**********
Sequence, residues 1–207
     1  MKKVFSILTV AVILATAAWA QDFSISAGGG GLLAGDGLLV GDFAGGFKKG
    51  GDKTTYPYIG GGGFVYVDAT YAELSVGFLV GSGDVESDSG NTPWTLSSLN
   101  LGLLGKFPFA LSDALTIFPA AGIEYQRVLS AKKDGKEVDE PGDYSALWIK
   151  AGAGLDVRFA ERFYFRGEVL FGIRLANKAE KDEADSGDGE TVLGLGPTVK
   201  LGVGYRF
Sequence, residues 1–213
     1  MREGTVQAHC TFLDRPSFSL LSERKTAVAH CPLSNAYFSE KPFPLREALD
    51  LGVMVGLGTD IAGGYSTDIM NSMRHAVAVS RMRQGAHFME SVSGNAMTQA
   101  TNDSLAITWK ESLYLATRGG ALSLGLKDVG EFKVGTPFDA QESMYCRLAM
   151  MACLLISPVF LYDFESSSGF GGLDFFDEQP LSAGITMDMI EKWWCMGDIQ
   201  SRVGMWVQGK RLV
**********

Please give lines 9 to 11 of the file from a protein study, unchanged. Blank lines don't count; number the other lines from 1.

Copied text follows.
    51  LGVMVGLGTD IAGGYSTDIM NSMRHAVAVS RMRQGAHFME SVSGNAMTQA
   101  TNDSLAITWK ESLYLATRGG ALSLGLKDVG EFKVGTPFDA QESMYCRLAM
   151  MACLLISPVF LYDFESSSGF GGLDFFDEQP LSAGITMDMI EKWWCMGDIQ